President of Belarus

The President of the Republic of Belarus (Belarusian: Прэзідэнт Рэспублікі Беларусь, Russian: Президент Республики Беларусь) is the head of state of Belarus. The office was created in 1994 with the passing of the Constitution of Belarus by the Supreme Soviet. This replaced the office of Chairman of the Supreme Soviet as the head of state. The tasks of the president include executing foreign and domestic policy, defending the rights and general welfare of citizens and residents, and upholding the Constitution. The president is mandated by the Constitution to serve as a leader in the social affairs of the country and to act as its main representative abroad. The duties, responsibilities and other transitional clauses dealing with the presidency are listed in Chapter Three, Articles 79 through 89, of the Constitution.

The term for the president is five years, but due to a 1996 referendum, the election that was supposed to occur in 1999 was pushed back to 2001. Under the 1994 constitution, the president could only serve for two terms as president, but due to a change in the constitution, term limits were eliminated. During the course of the office, elections were held in 1994, 2001, 2006, 2010 and on 11 October 2015. Alexander Lukashenko has been the only person who has served as president since the elections in 1994. The Presidential office is located in the Republic Palace in Minsk, while the presidential residence is located in Zaslawye (Заслаўе), Minsk District.

President of
the Republic of Belarus
Flag of the President of Belarus
SBY dan Alexander Lukashenko 19-03-2013 (cropped)
Incumbent
Alexander Lukashenko

since 20 July 1994
ResidenceIndependence Palace, Minsk, Minsk
AppointerPopular vote
Term lengthFive years
renewable optional
Inaugural holderAlexander Lukashenko
20 July 1994
FormationConstitution of Belarus
Salary~25,000 annual[1]
Website(in Belarusian) http://www.president.gov.by/by
(in Russian) http://www.president.gov.by
(in English) http://www.president.gov.by/en

Historical background

Belarus first declared independence in early 1918 as the Belarusian Democratic Republic. Its head of state was the President of a provisional supreme governing body, the Rada of the Belarusian Democratic Republic. In 1919, the Soviet Red Army forced the Rada of the Belarusian Democratic Republic into exile where the Rada still exists, now led by President Ivonka Survilla. Under Soviet rule, the de facto leader of the Byelorussian SSR was the first secretary of the Communist Party of Byelorussia, the only legal party in Soviet Belarus.

The Republic of Belarus was formed in 1991 shortly after declaring itself independent of the Soviet Union. From independence until passage of the Constitution in 1994, the Chairman of the Supreme Soviet was the head of state and the Prime Minister as the head of government. When the office of the presidency was created, the role of the prime minister was reduced to assisting the president and resulted in the dissolution of the Supreme Soviet, along with its Chairman, in 1996.[2][3]

In the first set of elections for the office of president, the Prime Minister of Belarus, Vyacheslav Kebich, was defeated in a runoff vote by Alexander Lukashenko, resulting in Lukashenko becoming the first president.[2] In elections of 2001 and 2006, which were contested by international observers, Western powers and internal opposition parties due for failing to meet democratic and fair standards,[4] the incumbent Lukashenko defeated the other candidates within the first ballot. As of 2018, he is the only person to have served as President of Belarus.[5]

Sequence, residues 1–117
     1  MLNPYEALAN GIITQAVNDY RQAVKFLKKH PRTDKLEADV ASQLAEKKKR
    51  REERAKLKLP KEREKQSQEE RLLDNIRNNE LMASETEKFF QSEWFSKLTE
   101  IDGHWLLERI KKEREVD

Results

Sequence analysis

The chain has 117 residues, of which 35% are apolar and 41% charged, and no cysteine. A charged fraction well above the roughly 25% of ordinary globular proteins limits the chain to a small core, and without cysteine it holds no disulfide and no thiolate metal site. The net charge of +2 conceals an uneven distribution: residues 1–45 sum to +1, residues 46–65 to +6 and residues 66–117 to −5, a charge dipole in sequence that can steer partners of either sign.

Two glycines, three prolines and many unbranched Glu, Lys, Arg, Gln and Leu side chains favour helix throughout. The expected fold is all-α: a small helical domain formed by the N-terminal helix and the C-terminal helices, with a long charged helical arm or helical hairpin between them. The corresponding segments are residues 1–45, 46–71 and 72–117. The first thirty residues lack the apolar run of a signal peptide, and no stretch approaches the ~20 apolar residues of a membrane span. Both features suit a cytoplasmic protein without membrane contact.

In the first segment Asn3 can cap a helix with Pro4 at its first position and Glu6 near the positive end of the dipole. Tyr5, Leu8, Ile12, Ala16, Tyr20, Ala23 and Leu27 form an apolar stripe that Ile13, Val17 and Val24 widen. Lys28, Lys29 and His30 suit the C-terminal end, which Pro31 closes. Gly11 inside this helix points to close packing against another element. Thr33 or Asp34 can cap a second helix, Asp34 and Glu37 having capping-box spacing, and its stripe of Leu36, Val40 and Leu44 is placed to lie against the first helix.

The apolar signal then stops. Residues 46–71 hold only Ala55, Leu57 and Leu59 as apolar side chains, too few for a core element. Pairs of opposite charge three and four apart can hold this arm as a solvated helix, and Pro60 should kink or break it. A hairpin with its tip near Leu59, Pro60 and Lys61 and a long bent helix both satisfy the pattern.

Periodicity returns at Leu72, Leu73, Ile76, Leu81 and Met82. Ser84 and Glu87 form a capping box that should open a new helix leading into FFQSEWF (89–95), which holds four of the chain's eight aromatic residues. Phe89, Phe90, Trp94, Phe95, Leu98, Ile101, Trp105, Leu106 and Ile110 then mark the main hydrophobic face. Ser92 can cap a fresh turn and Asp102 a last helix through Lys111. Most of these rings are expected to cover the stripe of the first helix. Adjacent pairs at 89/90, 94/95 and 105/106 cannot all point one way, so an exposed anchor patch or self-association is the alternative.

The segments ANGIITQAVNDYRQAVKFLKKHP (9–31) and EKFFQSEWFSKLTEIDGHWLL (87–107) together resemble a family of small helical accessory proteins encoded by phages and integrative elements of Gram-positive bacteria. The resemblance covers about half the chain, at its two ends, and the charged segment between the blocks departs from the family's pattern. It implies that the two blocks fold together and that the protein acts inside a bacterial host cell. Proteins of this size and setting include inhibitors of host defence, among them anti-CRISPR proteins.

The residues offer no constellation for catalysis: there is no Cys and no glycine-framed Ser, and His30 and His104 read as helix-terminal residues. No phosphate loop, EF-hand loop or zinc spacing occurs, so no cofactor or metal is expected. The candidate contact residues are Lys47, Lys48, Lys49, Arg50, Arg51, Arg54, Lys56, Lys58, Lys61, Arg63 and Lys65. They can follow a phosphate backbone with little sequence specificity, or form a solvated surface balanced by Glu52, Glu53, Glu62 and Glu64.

Constitutional status

Article 79 of the Constitution of Belarus gives the status of head of state to the President of the Republic of Belarus. He is also considered the guardian of the Constitution and the rights and freedoms of those who claim Belarusian citizenship or residency. The President is the personification of unification of the Belarusian state when conducting foreign or internal affairs and shall be the main representative when dealing with other nations or international organizations. The President is also entrusted with the safety, prosperity and stability of the country and acts as an intermediary between the bodies of the national government.[6]

Selection process

Eligibility

In order to be able to run for office, a candidate must be a Belarusian citizen by birth that is over thirty-five years old. The candidate must also reside within the Republic for ten years and he or she must be able to cast a ballot legally. The provisions are set down in Article 80 of the Constitution.[6]

Election

Elections for president occur every five years by a national vote. Candidates, as soon as they are deemed eligible under Article 80 of the Constitution, are tasked with collecting signatures from eligible voters. After 100,000 signatures are collected and certified, the candidate is declared to be official by the Central Elections Committee. In the voting, the secret ballots are collected directly from eligible voters. During the first round of voting, if a candidate earns fifty percent plus one of the votes, they are declared the President-elect. If no one has achieved that number during the first round, then a run-off election will occur between two candidates who won the most votes. The person who wins the most votes in the run-off is declared the President-elect.[6]